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Baron v Baltimore

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Edited version of Baron v. Baltimore for the purposes of showing students how the early Court viewed the application of the federal constitution to the states.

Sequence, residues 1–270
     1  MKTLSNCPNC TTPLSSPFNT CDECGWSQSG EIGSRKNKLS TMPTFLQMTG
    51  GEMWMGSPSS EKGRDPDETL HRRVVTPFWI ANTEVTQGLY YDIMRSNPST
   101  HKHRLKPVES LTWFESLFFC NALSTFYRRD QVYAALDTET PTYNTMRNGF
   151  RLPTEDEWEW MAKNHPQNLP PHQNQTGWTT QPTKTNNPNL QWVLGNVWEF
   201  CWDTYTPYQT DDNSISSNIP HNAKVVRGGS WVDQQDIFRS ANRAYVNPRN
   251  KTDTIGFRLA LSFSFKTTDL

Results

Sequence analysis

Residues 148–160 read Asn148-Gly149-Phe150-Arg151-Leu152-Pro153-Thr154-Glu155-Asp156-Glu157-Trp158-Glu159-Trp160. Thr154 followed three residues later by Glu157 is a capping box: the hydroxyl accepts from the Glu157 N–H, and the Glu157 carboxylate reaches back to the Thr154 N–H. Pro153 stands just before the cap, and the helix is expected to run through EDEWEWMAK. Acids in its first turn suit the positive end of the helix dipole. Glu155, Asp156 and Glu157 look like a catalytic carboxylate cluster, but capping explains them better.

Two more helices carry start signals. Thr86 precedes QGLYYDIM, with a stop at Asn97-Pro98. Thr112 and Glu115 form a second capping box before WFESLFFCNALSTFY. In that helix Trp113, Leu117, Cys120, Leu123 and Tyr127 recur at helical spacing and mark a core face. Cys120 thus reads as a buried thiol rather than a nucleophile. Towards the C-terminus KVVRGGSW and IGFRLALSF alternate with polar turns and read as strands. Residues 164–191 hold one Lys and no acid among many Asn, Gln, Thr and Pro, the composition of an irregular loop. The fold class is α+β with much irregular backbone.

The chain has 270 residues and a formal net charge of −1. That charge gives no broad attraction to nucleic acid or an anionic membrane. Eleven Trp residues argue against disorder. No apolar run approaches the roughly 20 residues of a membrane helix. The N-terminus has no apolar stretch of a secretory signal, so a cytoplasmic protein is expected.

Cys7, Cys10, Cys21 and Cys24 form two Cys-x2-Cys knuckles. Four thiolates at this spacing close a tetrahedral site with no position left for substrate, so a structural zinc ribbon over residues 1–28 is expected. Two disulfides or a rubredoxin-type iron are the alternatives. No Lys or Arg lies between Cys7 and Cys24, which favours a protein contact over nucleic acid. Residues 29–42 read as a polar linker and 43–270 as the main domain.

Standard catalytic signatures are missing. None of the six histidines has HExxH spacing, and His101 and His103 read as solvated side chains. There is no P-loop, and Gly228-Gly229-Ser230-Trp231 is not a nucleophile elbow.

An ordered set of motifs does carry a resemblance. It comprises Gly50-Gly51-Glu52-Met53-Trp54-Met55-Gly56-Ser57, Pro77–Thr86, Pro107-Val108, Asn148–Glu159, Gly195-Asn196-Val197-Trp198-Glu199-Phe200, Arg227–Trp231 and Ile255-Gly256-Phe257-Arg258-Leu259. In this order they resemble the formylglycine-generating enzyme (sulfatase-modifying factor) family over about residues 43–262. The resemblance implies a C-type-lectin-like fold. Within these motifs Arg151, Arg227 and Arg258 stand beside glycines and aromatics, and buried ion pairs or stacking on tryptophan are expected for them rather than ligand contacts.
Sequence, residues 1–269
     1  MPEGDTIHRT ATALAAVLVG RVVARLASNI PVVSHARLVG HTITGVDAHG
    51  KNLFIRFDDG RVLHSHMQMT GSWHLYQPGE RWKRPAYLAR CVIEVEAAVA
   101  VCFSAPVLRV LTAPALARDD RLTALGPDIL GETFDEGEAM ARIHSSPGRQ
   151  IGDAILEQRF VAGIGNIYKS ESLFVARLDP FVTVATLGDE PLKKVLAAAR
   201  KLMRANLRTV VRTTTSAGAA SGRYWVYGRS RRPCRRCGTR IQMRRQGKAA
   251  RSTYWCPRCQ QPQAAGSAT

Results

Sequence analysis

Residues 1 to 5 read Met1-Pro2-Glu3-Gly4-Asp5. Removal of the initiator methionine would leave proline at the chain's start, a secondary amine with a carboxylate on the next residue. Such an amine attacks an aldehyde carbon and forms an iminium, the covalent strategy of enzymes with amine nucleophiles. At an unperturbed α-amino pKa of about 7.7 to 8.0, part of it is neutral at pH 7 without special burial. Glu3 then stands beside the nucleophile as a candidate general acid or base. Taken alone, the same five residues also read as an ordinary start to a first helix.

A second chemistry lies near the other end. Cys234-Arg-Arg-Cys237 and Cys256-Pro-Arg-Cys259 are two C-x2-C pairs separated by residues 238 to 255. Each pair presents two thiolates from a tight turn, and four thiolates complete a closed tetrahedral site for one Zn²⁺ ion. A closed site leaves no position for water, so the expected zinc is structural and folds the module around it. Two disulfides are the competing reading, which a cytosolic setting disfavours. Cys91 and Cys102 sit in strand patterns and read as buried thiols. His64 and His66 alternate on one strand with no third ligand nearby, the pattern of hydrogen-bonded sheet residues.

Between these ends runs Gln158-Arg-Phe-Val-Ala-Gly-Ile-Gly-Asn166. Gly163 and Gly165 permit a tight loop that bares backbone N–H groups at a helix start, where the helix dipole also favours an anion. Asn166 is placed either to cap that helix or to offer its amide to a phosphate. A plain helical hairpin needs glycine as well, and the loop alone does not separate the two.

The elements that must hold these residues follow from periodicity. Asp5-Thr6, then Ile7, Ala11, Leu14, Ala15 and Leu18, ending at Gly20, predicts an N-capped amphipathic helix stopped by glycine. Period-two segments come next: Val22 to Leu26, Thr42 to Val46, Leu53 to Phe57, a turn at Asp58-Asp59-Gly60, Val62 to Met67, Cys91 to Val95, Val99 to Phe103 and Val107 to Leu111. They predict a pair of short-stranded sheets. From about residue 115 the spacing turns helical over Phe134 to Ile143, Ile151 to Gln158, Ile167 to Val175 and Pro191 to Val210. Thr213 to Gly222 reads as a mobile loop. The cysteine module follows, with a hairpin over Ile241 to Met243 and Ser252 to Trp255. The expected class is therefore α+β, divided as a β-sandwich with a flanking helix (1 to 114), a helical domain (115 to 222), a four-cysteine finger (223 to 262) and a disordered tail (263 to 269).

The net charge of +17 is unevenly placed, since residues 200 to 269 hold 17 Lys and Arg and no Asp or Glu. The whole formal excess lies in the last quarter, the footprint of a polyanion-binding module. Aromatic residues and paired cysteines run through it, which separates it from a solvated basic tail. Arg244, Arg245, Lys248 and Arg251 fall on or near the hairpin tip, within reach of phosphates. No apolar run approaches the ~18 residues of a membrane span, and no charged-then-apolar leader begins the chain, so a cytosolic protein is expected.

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Baron v Baltimore